Learning to predict large-scale coral bleaching from past events: A Bayesian approach using remotely sensed data, in-situ data, and environmental proxies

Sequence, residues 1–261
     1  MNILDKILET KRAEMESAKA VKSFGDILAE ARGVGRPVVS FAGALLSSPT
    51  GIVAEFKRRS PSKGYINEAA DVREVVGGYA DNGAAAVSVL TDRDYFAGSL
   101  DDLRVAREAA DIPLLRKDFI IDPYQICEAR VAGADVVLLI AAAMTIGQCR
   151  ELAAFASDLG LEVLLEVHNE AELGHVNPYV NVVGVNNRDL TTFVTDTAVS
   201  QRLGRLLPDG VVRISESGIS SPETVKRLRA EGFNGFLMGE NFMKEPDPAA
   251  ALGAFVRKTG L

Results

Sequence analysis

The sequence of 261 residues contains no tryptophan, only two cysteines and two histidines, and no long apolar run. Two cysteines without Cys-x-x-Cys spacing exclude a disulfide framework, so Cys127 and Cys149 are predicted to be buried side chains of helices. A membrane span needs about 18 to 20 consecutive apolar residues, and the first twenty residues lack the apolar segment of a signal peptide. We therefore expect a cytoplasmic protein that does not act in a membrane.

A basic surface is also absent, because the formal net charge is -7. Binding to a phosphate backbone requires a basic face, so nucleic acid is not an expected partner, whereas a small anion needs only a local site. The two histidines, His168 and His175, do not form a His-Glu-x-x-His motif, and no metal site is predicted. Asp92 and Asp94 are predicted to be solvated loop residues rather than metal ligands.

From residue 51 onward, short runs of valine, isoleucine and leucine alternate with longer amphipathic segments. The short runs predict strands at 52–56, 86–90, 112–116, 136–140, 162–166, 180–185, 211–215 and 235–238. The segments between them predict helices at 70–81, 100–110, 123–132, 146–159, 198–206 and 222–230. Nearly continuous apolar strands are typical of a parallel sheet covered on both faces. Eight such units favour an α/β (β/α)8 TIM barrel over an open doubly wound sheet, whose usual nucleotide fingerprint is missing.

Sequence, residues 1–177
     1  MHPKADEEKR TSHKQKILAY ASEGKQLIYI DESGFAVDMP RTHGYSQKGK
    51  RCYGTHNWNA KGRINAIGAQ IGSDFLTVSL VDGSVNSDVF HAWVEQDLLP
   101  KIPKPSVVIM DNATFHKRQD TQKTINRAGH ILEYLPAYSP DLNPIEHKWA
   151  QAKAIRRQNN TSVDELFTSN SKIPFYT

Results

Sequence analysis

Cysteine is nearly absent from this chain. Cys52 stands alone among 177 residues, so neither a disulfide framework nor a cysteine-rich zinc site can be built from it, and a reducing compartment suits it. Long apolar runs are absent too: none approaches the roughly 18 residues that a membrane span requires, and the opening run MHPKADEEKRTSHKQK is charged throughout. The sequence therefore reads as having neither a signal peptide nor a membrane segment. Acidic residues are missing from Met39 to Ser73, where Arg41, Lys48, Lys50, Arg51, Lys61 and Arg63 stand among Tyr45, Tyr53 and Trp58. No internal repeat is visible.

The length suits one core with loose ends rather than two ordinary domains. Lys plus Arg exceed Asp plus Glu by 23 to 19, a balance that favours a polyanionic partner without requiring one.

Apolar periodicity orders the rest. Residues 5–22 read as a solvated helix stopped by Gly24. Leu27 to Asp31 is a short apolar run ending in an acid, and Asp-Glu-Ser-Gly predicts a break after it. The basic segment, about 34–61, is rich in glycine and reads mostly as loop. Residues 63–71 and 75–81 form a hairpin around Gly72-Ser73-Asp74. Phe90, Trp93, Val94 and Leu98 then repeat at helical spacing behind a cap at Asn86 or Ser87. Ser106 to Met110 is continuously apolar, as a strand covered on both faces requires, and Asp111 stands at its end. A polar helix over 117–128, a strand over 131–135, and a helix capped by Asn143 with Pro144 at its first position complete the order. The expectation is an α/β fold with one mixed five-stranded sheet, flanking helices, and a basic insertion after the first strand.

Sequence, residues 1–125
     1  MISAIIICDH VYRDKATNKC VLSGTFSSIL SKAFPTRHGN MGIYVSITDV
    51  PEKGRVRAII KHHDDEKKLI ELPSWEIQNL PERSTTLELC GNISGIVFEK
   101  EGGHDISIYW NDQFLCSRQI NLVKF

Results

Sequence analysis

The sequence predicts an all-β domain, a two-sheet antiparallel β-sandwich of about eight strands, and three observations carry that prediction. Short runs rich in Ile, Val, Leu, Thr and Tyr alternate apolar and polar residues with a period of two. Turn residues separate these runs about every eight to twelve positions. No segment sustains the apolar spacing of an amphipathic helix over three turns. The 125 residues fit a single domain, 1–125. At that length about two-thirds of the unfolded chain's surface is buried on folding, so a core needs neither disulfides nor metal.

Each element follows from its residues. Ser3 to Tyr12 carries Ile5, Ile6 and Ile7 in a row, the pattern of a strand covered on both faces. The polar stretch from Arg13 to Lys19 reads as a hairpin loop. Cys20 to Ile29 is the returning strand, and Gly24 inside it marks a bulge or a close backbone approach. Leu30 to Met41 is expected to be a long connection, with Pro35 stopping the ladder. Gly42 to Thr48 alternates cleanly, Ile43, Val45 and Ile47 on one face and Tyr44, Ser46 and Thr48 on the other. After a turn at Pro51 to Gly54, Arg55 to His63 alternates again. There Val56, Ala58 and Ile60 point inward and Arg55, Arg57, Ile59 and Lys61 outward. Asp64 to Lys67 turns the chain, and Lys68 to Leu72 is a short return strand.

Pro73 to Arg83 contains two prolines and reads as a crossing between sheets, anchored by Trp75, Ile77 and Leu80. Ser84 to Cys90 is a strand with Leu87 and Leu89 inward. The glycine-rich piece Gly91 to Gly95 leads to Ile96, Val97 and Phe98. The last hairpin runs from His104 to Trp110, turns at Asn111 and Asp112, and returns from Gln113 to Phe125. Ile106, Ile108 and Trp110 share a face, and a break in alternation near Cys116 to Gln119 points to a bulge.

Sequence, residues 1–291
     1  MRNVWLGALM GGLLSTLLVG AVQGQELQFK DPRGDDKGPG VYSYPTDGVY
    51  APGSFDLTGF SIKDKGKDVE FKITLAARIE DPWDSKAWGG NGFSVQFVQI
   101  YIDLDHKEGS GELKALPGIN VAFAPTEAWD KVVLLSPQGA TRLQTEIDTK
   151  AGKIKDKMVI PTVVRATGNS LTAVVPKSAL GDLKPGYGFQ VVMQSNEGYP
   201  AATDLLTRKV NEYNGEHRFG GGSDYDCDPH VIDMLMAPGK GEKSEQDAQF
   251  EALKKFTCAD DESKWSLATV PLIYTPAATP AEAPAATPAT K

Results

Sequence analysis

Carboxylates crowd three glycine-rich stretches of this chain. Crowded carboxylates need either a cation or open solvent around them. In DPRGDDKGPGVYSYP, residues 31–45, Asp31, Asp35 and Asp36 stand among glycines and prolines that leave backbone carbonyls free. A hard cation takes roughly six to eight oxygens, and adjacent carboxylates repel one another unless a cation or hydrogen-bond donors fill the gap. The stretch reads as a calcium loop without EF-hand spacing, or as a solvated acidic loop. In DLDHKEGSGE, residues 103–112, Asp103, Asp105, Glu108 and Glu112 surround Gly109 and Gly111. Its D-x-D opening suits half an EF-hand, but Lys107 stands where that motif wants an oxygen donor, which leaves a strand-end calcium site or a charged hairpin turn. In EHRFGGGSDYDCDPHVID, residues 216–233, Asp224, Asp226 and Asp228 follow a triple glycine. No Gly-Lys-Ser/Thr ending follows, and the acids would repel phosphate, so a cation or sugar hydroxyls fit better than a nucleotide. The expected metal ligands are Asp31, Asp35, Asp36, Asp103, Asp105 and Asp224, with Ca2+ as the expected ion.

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Ocean warming and coral bleaching are patchy phenomena over a wide range of scales. This paper is part of a larger study that aims to understand the relationship between heat stress and ecological impact caused by the 2002-bleaching event in the Great Barrier Reef (GBR). We used a Bayesian belief network (BBN) as a framework to refine our prior beliefs and investigate dependencies among a series of proxies that attempt to characterize potential drivers and responses: the remotely sensed environmental stress (sea surface temperature — SST); the geographic setting; and topographic and ecological attributes of reef sites for which we had field data on bleaching impact. Sensitivity analyses helped us to refine and update our beliefs in a manner that improved our capacity to hindcast areas of high and low bleaching impact. Our best predictive capacity came by combining proxies for a site’s heat stress in 2002 (remotely sensed), acclimatization temperatures (remote sensed), the ease with which it could be cooled by tidal mixing (modeled), and type of coral community present at a sample of survey sites (field data). The potential for the outlined methodology to deliver a transparent decision support tool to aid in the process of identifying a series of locations whose inclusion in a network of protected areas would help to spread the risk of bleaching is discussed.